The Wilderness, Virginia ( May 5-7 1864)
Part of the Overland Campaign, The Wilderness Battles were just part of a group of battles between Ulysses S. Grant and Robert E. Lee in the spring of 1864. Grant used this campaign to shepherd Lee’s forces into a tight spot in Richmond and Petersburg Virginia, where he would eventually cause Lee to surrender his army in April of 1865.
The Overland Campaign was a major offensive for the North, one filled with wins and losses for both great generals.
The Wilderness Statistics
Total Troops: North – 101,895 South – 61,025
Casualties: North – 17,666 South – 11,125 Total – 28,791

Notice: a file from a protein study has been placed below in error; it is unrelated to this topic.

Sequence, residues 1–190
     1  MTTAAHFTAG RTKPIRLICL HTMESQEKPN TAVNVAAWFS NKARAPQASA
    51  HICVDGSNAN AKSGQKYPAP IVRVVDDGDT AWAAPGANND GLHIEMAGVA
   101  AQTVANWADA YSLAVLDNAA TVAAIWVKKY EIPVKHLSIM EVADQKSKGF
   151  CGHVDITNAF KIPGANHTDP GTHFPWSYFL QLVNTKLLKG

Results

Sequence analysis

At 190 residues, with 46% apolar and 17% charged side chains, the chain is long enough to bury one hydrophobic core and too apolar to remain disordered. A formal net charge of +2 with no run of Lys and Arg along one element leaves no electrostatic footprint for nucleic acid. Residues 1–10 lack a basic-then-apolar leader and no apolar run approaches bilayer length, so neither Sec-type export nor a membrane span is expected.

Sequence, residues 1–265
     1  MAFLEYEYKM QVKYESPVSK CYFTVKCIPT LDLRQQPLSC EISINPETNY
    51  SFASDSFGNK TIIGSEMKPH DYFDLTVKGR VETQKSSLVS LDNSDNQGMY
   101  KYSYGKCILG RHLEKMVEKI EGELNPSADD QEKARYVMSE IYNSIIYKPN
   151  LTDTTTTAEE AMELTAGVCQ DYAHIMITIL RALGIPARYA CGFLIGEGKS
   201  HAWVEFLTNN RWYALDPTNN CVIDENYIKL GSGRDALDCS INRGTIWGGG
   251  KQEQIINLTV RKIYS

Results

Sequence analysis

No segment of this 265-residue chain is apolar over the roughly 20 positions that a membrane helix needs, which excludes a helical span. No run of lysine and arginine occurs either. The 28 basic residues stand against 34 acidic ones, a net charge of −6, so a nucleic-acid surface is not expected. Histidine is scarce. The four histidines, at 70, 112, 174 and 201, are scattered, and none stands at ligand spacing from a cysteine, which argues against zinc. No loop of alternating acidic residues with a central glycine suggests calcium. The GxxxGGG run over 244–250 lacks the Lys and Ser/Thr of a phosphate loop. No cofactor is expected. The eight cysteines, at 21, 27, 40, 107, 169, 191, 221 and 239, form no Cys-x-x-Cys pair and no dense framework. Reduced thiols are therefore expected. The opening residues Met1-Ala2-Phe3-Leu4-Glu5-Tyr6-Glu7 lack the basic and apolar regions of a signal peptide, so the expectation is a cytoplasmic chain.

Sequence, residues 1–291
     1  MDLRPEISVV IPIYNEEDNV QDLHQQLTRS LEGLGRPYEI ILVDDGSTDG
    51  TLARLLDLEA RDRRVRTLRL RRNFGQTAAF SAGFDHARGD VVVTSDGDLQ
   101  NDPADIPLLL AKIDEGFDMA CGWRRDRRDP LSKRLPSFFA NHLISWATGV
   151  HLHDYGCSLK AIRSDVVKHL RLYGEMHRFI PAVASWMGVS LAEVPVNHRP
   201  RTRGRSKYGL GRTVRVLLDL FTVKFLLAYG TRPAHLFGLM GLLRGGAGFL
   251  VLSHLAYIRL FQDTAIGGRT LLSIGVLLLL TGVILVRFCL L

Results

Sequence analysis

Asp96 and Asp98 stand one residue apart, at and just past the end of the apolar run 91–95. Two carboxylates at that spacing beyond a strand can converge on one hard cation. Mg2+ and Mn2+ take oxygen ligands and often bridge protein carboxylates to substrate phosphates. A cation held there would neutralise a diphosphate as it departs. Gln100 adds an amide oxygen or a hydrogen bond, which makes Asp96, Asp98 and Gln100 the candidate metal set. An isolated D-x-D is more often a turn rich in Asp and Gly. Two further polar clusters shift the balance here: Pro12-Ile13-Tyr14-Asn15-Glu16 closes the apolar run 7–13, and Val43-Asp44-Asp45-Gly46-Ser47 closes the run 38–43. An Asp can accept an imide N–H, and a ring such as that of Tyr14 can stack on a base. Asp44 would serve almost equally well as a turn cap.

What needs to be understood about the Overland campaign is that it wasn’t about one battle for Grant. In the grand scheme of things, the campaign was about moving Lee into a position where Grant could eventually beat him, which is what he did. But if you look at the campaign from a casualty perspective, the North lost many more than the South did. What was important for Grant, however, was the eventual outcome.
The Battle of the Wilderness took place in the countryside outskirts of Spotsylvania. The battle itself was inconclusive, as Grant moved on his forces on without being able to move past Lee’s army.
This particular battle took place in a dense woods, and each of the two armies carried out maneuvers to flank, however neither of them gained any ground.
By May 7, after two days off getting nowhere, Grant disengaged and moved south-east towards the Spotsylvania Court House, where he hoped to keep moving Lee into the position he needed him to be in.